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Lily Fowler

Some Peace Corps Volunteers Face Injury Overseas, Indifference at Home

News of safety, health and corporate conduct

Former Peace Corps volunteer Christie-Anne Edie in Colorado Springs, Colo., in September.

In June 2011, nine months into her assignment as a Peace Corps paramedic in the Central Asian republic of Turkmenistan, Caitlyn Hogan was run over by a car while crossing a gravel road near her apartment.

Her ankle was crushed but, as she tells it, her ordeal had just begun. Instead of receiving help from federal agencies because of being hurt while on duty overseas, Hogan said she got caught in a bureaucratic maze that has haunted her life ever since. Her requests for disability payments were ignored. On top of that, she is fearful that she will be stuck with many of her unpaid medical expenses, which so far total $17,000. Meanwhile, the collection agency calls keep coming.

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“It’s kind of devastating really. Peace Corps was something I wanted to do forever, and I get this chance to go,” Hogan, 27, said in a recent interview with FairWarning. “I can’t even feel positive about the stuff I got accomplished because it’s so overshadowed just by the lack of care by Peace Corps and their disinterest in helping.”

Caitlyn Hogan, who served in Turkmenistan.

Hogan’s feelings of abandonment by the Peace Corps are hardly unique. Volunteers who serve in impoverished, dangerous countries all too often endure sexual and other assaults, psychological trauma and physical injuries, as well as exotic diseases. Yet former volunteers-turned-activists say the government workers’ compensation program that is supposed to provide medical care and disability payments for the injured is rife with troubles. Even Peace Corps officials, while declining to comment on any specific cases, acknowledge some of the problems.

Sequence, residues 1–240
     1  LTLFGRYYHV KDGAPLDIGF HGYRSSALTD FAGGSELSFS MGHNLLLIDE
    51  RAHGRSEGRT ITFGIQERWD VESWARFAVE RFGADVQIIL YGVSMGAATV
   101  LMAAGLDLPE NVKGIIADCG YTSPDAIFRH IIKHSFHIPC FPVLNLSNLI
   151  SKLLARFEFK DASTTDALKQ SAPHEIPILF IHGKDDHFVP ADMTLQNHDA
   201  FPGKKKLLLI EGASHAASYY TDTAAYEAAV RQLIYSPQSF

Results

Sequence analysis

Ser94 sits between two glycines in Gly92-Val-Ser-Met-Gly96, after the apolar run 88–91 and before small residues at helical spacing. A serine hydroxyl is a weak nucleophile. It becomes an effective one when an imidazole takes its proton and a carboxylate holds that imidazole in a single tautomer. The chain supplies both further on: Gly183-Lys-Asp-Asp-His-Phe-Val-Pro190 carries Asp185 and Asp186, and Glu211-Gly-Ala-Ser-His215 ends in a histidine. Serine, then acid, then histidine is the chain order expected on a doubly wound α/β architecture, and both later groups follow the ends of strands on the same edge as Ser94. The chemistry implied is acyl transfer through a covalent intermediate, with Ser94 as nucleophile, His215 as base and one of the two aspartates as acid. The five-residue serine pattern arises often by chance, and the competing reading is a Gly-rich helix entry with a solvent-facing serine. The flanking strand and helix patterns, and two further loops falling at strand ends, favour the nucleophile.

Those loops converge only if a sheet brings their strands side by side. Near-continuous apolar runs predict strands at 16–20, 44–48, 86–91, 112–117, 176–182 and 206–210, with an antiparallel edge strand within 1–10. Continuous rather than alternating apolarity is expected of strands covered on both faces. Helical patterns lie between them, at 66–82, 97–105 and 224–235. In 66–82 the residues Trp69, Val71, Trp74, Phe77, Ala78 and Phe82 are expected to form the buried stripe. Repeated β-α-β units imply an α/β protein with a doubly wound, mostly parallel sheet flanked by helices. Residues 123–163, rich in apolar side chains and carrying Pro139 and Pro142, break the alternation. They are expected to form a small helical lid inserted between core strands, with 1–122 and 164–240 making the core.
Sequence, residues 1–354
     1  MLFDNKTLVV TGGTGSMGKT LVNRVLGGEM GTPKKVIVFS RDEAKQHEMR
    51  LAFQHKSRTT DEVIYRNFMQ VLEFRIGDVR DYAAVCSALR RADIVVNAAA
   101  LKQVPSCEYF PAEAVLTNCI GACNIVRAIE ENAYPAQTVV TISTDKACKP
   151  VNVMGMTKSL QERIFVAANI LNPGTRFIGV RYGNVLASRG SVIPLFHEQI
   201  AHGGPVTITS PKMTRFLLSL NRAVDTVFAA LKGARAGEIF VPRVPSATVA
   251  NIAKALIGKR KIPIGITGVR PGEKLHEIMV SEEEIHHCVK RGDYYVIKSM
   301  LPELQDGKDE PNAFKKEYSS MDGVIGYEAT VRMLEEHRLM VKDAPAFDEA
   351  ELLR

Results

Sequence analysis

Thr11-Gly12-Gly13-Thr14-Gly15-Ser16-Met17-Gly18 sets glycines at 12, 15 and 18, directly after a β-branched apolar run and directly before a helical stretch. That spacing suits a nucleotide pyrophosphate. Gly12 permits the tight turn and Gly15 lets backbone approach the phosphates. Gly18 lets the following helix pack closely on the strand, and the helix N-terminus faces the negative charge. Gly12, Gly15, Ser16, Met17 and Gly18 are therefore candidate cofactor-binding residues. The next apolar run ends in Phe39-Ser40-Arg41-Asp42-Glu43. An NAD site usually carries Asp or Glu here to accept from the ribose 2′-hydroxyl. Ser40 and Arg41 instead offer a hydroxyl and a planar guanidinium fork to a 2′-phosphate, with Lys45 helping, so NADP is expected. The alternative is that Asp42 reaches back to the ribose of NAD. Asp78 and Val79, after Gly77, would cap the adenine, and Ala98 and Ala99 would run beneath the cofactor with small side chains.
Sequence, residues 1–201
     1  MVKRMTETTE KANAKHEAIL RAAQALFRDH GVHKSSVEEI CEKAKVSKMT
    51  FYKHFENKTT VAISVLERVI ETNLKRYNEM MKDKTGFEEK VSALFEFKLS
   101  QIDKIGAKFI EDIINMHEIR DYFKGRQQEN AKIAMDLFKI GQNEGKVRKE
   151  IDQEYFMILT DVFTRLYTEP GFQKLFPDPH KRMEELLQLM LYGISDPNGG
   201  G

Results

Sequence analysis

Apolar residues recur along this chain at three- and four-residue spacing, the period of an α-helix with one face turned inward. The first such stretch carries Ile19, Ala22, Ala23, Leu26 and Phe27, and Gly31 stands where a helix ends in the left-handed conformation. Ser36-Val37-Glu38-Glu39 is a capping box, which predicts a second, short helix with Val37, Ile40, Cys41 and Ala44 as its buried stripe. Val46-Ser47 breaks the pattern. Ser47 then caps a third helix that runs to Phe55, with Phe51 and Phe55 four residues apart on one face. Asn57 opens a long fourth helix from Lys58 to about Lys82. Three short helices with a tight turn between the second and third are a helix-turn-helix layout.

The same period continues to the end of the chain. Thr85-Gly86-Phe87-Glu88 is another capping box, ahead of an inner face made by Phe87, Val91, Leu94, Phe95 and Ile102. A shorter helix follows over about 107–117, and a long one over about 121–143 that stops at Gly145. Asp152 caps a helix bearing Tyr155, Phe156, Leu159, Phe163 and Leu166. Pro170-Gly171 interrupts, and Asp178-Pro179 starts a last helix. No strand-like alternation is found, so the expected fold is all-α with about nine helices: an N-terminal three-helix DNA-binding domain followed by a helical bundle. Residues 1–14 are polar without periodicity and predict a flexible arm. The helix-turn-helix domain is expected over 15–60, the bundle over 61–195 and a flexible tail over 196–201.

The program’s flawed management was underscored by a Government Accountability Office report issued in November. The assessment was required by the Kate Puzey Peace Corps Volunteer Protection Act of 2011, named after a volunteer who was murdered while working in the West African nation of Benin.

The narrowly focused report faulted both the Peace Corps and the U.S. Labor Department, which administers the workers’ compensation program known as FECA, after the Federal Employees’ Compensation Act. “The agencies generally do not work together to use available information to monitor the accessibility and quality of FECA benefits for volunteers,” according to the assessment.

The report, which noted that FECA serves about 1,400 Peace Corps volunteers a year and spent $36 million in benefits on them from 2009 through 2011, did not examine actual examples of the hardships resulting from the program’s flaws. Nor did the Government Accountability Office note that it found similar problems when it examined FECA 21 years ago.

No Mental Health Specialists

But the report gave a clue of how difficult it may be for returning volunteers to get proper treatment. Using the government’s online search tool to look for doctors registered with the program, the report’s authors did not find any mental health specialists in California, New York, Texas or any of the other 10 states with the most Peace Corps veterans.